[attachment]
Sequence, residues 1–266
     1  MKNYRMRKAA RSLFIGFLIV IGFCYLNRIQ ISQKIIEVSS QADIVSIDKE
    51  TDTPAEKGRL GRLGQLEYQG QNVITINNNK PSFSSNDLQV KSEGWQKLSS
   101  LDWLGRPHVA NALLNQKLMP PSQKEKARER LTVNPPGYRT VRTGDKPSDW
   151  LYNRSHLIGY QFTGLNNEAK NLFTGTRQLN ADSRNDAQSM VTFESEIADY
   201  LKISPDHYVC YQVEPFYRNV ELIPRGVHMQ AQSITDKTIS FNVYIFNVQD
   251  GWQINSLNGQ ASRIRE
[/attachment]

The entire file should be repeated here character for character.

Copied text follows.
Sequence, residues 1–266
     1  MKNYRMRKAA RSLFIGFLIV IGFCYLNRIQ ISQKIIEVSS QADIVSIDKE
    51  TDTPAEKGRL GRLGQLEYQG QNVITINNNK PSFSSNDLQV KSEGWQKLSS
   101  LDWLGRPHVA NALLNQKLMP PSQKEKARER LTVNPPGYRT VRTGDKPSDW
   151  LYNRSHLIGY QFTGLNNEAK NLFTGTRQLN ADSRNDAQSM VTFESEIADY
   201  LKISPDHYVC YQVEPFYRNV ELIPRGVHMQ AQSITDKTIS FNVYIFNVQD
   251  GWQINSLNGQ ASRIRE